Plantage Middenlaan 27-33
A.E. van Eyck
Tram 9-14
Francis Strauven, 'Plaats voor wederkerigheid', Wonen-TA/BK no. 8, 1980; Izak Salomons, 'Het "Moederhuis": licht en ruimte', Forum no. 3, 1980-81; Jord den Hollander, '"Moederhuis" Amsterdam kleurige toverbal als architectuurmanifest', de Architect, no. 4, 1979.

Shelter for mothers and children

In 1973, together with Theo Bosch, Aldo van Eyck designed the ‘Mothers’ House’ for the Hubertus Society, which has its origins in late nineteenth-century charitable institutions. The Mothers’ House stands on the site of a former refuge for ‘fallen women’.

The existing building was designed as a home for mothers in difficulty. Together with their children, they could find temporary accommodation here and if so desired make use of the professional help available. The building is still in use by a charitable institution.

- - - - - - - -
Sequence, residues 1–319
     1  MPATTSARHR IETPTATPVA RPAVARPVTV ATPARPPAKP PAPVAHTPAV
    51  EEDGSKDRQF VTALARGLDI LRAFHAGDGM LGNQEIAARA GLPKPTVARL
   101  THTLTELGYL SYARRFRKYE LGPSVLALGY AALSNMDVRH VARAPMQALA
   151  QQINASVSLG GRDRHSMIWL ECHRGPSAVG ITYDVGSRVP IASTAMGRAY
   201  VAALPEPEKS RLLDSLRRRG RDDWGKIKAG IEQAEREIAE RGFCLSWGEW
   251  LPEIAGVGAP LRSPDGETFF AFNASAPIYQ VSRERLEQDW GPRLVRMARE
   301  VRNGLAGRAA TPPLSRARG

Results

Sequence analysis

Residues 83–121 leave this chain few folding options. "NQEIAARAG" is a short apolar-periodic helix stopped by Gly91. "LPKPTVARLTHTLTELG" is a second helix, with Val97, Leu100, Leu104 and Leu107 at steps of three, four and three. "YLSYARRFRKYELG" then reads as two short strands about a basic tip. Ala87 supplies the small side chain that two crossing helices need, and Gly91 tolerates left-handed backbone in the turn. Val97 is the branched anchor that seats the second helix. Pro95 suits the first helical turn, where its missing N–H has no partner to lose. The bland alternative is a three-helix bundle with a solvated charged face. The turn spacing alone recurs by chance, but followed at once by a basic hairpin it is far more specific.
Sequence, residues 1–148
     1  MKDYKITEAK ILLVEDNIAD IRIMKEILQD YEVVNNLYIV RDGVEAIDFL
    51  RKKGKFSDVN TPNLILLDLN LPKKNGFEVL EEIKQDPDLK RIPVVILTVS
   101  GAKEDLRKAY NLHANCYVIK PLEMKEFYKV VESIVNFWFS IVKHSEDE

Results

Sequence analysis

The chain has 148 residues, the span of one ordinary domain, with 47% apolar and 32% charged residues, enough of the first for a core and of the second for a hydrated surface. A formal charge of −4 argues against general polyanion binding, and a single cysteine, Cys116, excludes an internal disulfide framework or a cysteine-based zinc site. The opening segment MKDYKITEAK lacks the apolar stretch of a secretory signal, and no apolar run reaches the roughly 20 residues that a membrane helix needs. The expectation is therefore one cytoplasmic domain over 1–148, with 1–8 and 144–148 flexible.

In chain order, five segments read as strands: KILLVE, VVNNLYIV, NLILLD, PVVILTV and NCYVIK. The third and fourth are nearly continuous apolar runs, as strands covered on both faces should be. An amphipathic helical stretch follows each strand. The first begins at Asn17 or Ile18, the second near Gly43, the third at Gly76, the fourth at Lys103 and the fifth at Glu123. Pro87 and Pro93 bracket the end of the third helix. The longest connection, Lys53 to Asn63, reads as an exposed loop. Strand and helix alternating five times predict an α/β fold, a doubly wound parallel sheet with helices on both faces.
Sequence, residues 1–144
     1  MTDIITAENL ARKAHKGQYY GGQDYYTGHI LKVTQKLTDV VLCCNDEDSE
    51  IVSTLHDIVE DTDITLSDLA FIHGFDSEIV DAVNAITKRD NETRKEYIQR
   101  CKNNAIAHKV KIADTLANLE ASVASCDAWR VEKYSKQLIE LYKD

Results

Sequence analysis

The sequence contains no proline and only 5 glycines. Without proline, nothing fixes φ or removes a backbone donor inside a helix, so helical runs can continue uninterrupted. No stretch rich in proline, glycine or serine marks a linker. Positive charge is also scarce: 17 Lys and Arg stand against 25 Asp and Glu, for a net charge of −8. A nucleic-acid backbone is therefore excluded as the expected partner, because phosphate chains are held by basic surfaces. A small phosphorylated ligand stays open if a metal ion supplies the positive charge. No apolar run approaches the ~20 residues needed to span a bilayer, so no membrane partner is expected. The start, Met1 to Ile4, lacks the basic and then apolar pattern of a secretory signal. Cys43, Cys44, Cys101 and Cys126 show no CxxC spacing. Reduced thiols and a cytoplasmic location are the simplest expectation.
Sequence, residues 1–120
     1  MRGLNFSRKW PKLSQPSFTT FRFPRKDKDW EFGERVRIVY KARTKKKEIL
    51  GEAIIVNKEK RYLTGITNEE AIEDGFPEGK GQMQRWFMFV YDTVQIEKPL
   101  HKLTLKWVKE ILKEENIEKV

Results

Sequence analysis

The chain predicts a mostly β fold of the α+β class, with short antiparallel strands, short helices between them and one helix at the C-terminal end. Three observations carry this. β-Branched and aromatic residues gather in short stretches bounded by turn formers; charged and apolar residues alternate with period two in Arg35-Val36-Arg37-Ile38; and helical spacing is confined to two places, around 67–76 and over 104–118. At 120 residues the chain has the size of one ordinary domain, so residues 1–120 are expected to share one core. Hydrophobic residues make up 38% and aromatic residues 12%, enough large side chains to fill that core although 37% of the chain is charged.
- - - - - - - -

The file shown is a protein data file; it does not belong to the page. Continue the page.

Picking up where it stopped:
Van Eyck based his design on the idea that architecture must make human activities possible and should encourage social interaction. This idea was a reaction to post-war functionalism, which in practice often resulted in sterile, cheerless buildings. The design not only comprised the infilling of a gap in the nineteenth-century street facade of Plantage Middenlaan, but also the renovation of two existing adjacent historic buildings. The infill conforms to the existing facade wall as regards building height, vertical layout and understructure, but is distinguished primarily by the striking use of colour. According to Van Eyck, he chose one colour for the facade, namely ‘the rainbow colour’.

The interior is characterized by bright colours and by the lucid organization of the floor plan. In addition to circular, octagonal and rectangular forms, abundant use has been made of spatial elements such as terraces, stairs and passages, which give rise to a relaxed, spacious atmosphere. (ARCAM/YK)